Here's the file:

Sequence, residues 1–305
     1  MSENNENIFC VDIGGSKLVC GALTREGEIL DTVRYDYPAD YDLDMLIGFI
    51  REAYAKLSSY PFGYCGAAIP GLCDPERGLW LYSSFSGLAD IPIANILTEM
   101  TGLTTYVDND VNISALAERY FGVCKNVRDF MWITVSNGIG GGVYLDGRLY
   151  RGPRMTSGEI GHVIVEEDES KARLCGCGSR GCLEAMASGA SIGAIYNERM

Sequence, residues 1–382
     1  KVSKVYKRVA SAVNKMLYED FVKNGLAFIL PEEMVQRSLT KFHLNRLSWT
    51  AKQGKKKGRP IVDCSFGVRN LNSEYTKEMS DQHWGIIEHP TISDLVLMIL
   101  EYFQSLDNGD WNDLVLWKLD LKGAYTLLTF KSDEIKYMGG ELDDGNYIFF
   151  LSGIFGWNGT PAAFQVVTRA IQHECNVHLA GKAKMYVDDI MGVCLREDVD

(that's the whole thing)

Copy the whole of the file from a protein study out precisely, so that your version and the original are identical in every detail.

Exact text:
Sequence, residues 1–305
     1  MSENNENIFC VDIGGSKLVC GALTREGEIL DTVRYDYPAD YDLDMLIGFI
    51  REAYAKLSSY PFGYCGAAIP GLCDPERGLW LYSSFSGLAD IPIANILTEM
   101  TGLTTYVDND VNISALAERY FGVCKNVRDF MWITVSNGIG GGVYLDGRLY
   151  RGPRMTSGEI GHVIVEEDES KARLCGCGSR GCLEAMASGA SIGAIYNERM

Sequence, residues 1–382
     1  KVSKVYKRVA SAVNKMLYED FVKNGLAFIL PEEMVQRSLT KFHLNRLSWT
    51  AKQGKKKGRP IVDCSFGVRN LNSEYTKEMS DQHWGIIEHP TISDLVLMIL
   101  EYFQSLDNGD WNDLVLWKLD LKGAYTLLTF KSDEIKYMGG ELDDGNYIFF
   151  LSGIFGWNGT PAAFQVVTRA IQHECNVHLA GKAKMYVDDI MGVCLREDVD